Dear Friends,

I just returned from the Blues Music Awards in Memphis, where I met dozens of friends and acquaintances, hung out with Janiva Magness, Smokin’ Joe Kubek, Bnois King, Guitar Shorty and Rick Estrin, and saw much-deserved BMAs for Traditional Male Artist and Harmonica won by our own Charlie Musselwhite. His album The Well has earned rightful acclaim as one of the very best of his long career, especially for the depth of Charlie’s songwriting. If you’ve never been to the BMAs, it’s more than an awards show; it’s a once-a-year chance to witness some of your favorite artists deliver terrific mini-sets (over 20 sets in one night) in the company of 1000 devoted blues fans.

The Alligator Records 40th Anniversary Collection has turned into a “hit” for us (as much as the blues can have a hit). It seems like everyone I met in Memphis had heard my long, fun interview with Bill Wax on XM/Sirius. The Collection is riding the top of the Billboard Blues Chart and even selling very well in download form through Amazon, iTunes and the other online stores (maybe because it’s 38 tracks of our finest Genuine Houserockin’ Music for the price of a single album). Like many older blues fans, I still prefer owning a CD or vinyl LP, but downloads are probably the future of music no matter what we might wish for. Still, this gives me a good opportunity to remind you vinyl collectors that we recently reissued Hound Dog Taylor & The HouseRockers (Alligator’s very first release), Showdown!, the classic summit meeting of Albert Collins, Robert Cray and Johnny Copeland and Alone & Acoustic by Buddy Guy and Junior Wells, all on 180 gram vinyl. You can find them at, and sign up for the Alligator email list at the same time, so you get the latest Alligator news and know when our artists are coming your way.

I just finished mixing 70 minutes of rip-roaring live tracks for a new CD entitled Tommy Castro Presents The Legendary Rhythm & Blues Revue—Live! It brings together some of the highest highlights from Tommy’s all-star shows with his friends from the Legendary Rhythm & Blues Cruises. Besides four tunes featuring Tommy and his deservedly award-winning band, there are songs showcasing Michael “Iron Man” Burks, Janiva Magness, Rick Estrin, Joe Louis Walker, Debbie Davies, Trampled Under Foot and Theodis Ealey. From hard-edged blues to Southern soul, these are some truly houserockin’ performances. The new album will be released on June 7. It’s loads of high-energy fun.

Last time I was telling you about my amazement at discovering Little Charlie & The Nightcats, a world-class blues band playing at a little club in Sacramento. They featured the double-threat front line of Little Charlie Baty, an unpredictable wildman guitar player and Rick Estrin, an endlessly creative harp player/songwriter/vocalist. The band, with the meticulous Dobie Strange on drums and the solid understated veteran Jay Peterson on bass, clearly were more than ready to tear up the blues world. Back in the mid-1980s, there were enough clubs so that a great blues band with the will to make it could build an audience by driving from city to city playing five or six nights a week. If their music, showmanship and onstage charisma were good enough, they could build a loyal following. I knew that, with the right album, this band could make it.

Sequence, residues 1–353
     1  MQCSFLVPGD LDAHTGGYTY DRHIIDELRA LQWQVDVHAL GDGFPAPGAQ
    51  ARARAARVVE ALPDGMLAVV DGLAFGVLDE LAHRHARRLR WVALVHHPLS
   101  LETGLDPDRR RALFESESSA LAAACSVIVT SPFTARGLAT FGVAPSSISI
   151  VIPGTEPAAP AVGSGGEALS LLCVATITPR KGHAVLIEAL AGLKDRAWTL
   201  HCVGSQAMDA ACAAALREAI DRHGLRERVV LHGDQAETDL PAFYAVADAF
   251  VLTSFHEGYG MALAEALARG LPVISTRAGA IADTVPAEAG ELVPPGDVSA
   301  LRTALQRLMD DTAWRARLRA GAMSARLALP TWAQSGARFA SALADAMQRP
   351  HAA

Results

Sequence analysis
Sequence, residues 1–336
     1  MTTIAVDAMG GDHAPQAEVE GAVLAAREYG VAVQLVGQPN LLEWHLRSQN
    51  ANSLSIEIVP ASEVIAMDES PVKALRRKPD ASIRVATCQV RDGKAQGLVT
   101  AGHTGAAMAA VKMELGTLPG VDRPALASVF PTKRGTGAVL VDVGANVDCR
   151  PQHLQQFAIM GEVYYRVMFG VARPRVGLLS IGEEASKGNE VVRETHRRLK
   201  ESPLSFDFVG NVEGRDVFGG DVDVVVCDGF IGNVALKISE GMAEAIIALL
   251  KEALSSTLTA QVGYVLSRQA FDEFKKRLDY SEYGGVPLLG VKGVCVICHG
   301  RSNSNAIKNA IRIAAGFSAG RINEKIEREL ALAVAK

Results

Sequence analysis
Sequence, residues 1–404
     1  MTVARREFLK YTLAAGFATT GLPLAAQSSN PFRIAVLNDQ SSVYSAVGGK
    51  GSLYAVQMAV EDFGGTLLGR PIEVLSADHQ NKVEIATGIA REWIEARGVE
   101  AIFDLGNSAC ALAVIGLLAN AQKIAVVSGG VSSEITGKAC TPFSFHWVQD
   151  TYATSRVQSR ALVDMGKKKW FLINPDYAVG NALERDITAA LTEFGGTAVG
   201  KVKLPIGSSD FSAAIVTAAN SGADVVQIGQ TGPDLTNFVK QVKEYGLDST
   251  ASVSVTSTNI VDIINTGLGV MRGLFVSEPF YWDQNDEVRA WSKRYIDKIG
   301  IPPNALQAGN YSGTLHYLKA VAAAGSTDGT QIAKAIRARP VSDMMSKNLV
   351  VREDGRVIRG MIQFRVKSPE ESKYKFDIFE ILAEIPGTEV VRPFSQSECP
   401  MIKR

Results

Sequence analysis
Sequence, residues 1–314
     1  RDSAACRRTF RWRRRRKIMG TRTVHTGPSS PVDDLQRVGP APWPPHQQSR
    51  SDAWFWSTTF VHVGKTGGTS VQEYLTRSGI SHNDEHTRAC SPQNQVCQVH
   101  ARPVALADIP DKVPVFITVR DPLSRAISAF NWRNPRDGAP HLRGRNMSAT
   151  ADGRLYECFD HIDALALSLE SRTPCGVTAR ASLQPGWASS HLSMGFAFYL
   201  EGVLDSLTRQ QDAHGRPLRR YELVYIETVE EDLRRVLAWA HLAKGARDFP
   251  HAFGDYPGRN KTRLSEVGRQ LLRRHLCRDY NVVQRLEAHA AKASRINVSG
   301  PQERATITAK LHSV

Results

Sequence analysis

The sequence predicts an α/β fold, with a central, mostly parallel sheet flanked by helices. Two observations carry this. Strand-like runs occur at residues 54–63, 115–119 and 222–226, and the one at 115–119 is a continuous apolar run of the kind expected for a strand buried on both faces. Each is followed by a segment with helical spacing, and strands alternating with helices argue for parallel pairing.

I returned to Sacramento in December of 1986 and we went into rehearsal in a cold metal storage building with a gigantic, stinking kerosene space heater that roared like a jet engine. It was an awful place to rehearse. We were either freezing or unable to communicate because the heater was so loud. Luckily, a lot of the chosen songs were part of their live repertoire already, including three of Rick’s best originals and covers like Kent “Boogaloo” Harris’ Clothes Line (still a show-stopper for Rick), Travis Phillips’ Eyes Like A Cat (a great feature tune for Charlie’s swinging, jumping guitar) and the Five Royales’ lighting-tempo R&B classic Right Around The Corner. But Rick had written some strong words for which the music wasn’t ready yet, so we had to devise musical ideas that fit lyrics like Living Hand To Mouth and I’ll Take You Back. We only had three days in the studio, so I needed the band to be completely ready.

More next time,

Bruce Iglauer